Jill Freedman was in a league of her own. Some people knew her work but many more should have. She was elusive and forthright and not beholden to anyone. She didn't really pursue commercial jobs to float her documentary work like many of her contemporaries and she did not kiss ass.

She embarked on documentary-activism projects because she needed to expose people's reality. Not because someone in some office thought of an idea and assigned it to her. She was on the streets observing, shooting and wielding her camera as an instrument of truth, compassion and justice. Her subjects loved her and she loved them. It was so obvious. She spent time, weeks, years, pushing for it, pushing for images filled with multiple profound stories in one frame. She flirted with cops and criminals alike, peeling down the layers of pretense. Even the perps gave her a smirk.


When I met her I knew of her work and hunted her down to be in my movie, Everybody Street. She was so badass, ballsy, funny, constantly cursing, swigging whiskey, always complaining that "the weed ain't like it was in the 70s." She was wild. We became fast friends and I brought her to Toronto to do Q&A at a film festival. The audience couldn't get enough of her. My hotel bar bill almost broke the bank but it was worth seeing this whole new generation of photography fans learning about her and adoring her. Everywhere I went, worldwide, she was always everyone's favorite. I pondered this. What was it? There was something about her that young people loved and I think it was her brutal honesty. She did not hold anything back in her photos and in her person.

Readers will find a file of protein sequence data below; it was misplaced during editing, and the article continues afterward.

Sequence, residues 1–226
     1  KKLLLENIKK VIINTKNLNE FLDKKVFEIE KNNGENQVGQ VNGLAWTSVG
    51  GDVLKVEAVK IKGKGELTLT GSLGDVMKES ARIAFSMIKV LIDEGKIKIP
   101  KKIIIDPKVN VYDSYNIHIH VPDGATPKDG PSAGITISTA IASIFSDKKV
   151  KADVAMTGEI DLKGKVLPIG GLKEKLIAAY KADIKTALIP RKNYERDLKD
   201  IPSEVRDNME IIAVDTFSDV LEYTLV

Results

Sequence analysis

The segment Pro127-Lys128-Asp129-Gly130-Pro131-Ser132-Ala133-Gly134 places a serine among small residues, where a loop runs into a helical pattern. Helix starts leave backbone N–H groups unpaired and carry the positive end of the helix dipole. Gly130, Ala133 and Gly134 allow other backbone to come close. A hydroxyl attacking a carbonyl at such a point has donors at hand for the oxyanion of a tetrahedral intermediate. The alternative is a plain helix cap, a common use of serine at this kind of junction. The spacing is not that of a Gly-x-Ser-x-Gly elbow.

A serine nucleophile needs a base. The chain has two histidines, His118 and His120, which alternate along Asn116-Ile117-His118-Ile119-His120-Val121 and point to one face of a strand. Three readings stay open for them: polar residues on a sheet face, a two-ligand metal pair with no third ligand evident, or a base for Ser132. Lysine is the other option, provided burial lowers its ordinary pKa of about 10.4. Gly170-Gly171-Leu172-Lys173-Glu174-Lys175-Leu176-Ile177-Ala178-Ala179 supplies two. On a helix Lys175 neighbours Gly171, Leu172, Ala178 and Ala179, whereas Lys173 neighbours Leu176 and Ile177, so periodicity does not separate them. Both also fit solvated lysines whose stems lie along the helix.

People idolize because they want to possess qualities that their idol possesses or maybe they see things in them that they feel too. I had this with Jill, a woman in a man's field. I often complained about my early beginnings in photography and how sexist it was but then take it back 20 years to the 1970s... and just forget about it. She would tell me that her boyfriends couldn't deal. They would say, "When are you gonna come home and cook me dinner?" She was riding around in cop cars all night in Alphabet City and Harlem, so that was never gonna happen. The boyfriends, too intimidated by her focus and drive, would come and go and she did not give a shit. She would do the beat, shooting assorted gun battles, robberies, fires, violent crimes, come back to her Greenwich Village loft, put in some hours in the dark room, go down to the bar for a whiskey at 4 or 5am and take any man she wanted... "as long as they were gone in the morning," she would say.


Her house was filled with boxes and boxes of silver gelatin prints, thousands, and one more epic than the next. It was hard to believe she printed every one. Some of these were published in books but many of them not. She was an artist who spent her time and energy making the work not talking about it.

I can't stop talking about her. I don’t want anyone to stop talking about her. I want everyone that reads this to talk to someone about her. She deserves nothing less. —Cheryl Dunn


Jill Freedman passed away on October 9th, 2019 at the age of 79. Her work can be found in museums around the world and in seven books: Old News: Resurrection City, Circus Days, Firehouse, Street Cops, A Time That Was: Irish Moments, Jill’s Dogs, and Ireland Ever. 

Cheryl Dunn is a photographer and filmmaker. Her film Everybody Street spotlights the work of Jill Freedman and other iconic NYC street photographers.

Images: A letter from a fireman to Jill Freedman included in a zine accompanying Everybody Street and a photography of Jill by Cheryl Dunn